Close your eyes and follow the contour of the table in front of you. When you reach the end of it, do you think you would be able to continue moving your hand along the same imaginary line as if the table went on a little further? Most people would not have any problem doing this for a wide variety of conditions (body posture, distance and angle with respect to the table, etc.) Given this variety of circumstances, traditional approaches to perception and motor control postulate when we’re no longer in contact with the table, we must be using some form of representation that keeps guiding the arm along the same invisible line in a robust manner.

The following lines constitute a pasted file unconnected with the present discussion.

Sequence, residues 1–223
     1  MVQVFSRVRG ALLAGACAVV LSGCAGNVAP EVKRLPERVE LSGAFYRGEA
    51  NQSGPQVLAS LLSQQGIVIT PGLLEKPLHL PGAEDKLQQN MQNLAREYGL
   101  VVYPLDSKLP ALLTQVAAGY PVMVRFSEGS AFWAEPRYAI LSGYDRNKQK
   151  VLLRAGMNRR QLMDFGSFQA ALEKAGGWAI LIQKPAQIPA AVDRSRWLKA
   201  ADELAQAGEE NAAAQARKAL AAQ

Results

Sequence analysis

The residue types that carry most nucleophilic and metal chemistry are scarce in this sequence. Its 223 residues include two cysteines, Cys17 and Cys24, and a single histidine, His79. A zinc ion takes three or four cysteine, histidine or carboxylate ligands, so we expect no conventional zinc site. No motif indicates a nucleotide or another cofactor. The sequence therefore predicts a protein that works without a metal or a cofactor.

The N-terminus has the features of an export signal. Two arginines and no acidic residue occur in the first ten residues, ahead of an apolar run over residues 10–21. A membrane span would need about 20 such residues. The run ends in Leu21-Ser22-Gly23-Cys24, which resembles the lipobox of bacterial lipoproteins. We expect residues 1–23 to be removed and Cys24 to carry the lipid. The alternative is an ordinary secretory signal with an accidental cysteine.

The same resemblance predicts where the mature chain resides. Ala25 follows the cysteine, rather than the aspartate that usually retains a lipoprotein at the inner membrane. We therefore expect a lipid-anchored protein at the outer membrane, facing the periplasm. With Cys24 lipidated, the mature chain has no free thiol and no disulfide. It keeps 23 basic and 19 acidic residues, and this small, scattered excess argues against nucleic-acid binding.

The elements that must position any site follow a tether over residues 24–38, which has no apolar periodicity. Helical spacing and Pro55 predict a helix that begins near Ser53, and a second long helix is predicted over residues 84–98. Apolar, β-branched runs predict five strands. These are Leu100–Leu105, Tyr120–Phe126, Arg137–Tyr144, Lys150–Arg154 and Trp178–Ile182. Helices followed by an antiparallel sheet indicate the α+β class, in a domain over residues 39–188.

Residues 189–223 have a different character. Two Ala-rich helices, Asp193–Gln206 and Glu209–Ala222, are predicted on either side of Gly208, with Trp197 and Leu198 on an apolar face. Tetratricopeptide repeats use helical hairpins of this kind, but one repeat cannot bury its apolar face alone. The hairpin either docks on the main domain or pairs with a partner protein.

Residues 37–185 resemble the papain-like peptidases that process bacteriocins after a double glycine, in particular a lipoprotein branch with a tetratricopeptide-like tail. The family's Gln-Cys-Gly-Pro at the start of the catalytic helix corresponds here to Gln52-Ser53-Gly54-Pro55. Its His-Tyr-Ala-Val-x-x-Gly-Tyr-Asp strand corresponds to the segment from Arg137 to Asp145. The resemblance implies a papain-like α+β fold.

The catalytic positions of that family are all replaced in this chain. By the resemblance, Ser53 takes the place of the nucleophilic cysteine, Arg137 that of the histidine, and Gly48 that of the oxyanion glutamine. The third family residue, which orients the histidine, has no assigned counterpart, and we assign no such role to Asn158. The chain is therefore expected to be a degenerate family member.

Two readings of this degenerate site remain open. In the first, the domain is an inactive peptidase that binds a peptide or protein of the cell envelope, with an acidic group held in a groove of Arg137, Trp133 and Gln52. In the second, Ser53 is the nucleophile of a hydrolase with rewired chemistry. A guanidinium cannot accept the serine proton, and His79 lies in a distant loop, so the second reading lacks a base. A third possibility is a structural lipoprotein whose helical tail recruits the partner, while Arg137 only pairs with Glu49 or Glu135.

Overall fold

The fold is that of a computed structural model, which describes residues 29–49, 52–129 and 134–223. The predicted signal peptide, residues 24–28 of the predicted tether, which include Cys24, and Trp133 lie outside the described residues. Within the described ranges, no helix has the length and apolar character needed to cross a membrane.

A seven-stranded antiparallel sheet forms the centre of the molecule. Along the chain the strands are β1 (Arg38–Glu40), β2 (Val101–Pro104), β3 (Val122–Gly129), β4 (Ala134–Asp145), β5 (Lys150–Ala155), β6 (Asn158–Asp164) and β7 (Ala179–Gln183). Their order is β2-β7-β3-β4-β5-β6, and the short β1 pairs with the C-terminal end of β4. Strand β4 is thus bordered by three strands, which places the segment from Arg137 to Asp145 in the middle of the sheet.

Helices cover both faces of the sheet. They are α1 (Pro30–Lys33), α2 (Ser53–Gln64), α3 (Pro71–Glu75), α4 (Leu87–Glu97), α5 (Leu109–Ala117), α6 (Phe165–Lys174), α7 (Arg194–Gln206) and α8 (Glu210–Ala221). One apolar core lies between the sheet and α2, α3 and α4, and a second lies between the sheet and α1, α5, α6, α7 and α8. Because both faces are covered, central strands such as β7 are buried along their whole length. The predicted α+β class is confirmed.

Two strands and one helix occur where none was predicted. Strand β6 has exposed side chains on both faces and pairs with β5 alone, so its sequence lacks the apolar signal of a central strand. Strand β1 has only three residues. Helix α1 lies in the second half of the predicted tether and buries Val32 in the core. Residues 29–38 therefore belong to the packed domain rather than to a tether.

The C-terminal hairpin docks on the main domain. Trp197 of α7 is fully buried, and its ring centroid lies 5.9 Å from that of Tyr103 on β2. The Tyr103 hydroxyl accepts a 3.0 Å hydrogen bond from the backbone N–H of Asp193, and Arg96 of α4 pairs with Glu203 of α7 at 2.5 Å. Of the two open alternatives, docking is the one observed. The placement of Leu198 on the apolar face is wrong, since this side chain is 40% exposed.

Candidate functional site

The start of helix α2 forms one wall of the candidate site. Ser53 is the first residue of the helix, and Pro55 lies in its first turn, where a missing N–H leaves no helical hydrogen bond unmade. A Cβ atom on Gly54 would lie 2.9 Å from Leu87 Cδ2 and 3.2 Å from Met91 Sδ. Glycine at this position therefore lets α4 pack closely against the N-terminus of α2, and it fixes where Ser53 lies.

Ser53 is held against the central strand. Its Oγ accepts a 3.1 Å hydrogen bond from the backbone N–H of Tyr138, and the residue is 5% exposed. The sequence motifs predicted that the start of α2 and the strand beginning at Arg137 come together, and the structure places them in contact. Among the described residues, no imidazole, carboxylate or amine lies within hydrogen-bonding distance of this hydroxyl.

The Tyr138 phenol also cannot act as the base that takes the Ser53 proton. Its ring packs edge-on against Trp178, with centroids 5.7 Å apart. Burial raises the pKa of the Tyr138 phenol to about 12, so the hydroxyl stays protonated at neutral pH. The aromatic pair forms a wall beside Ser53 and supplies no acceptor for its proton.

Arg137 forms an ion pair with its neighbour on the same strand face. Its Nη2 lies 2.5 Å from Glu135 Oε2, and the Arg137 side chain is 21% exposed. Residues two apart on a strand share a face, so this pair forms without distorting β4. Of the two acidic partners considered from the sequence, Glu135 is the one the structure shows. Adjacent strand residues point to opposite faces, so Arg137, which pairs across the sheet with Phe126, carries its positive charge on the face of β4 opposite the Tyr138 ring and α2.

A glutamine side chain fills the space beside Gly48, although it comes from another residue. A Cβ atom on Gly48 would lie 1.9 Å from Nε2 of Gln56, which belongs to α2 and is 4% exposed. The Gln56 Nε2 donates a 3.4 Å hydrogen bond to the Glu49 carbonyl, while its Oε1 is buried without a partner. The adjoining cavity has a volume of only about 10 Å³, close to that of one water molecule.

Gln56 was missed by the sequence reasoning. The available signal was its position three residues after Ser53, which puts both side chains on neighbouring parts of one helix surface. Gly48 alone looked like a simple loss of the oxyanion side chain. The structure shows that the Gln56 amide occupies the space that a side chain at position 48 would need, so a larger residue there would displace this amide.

Together with Thomas Buhrmann, we have demonstrated that representations are not necessarily the only explanation, and that indeed it is possible to attune the movement of your arm to the world without at any point involving any internal models or representations, but simply by a shaping of dynamical sensorimotor transients. The “memory” of the direction of movement is kept in the whole agent-environment system in a way that generalizes across various relative positions and angles of movement.
For more information see:
Buhrmann, T. and Di Paolo, E. A. (2014). Non-representational sensorimotor knowledge. In A.P. del Pobil et al. (Eds.): From Animals to Animats 13, Proceedings of the 13th International Conference on Simulation of Adaptive Behavior, SAB 2014, LNAI 8575, pp. 21–31, NY, Springer Verlag.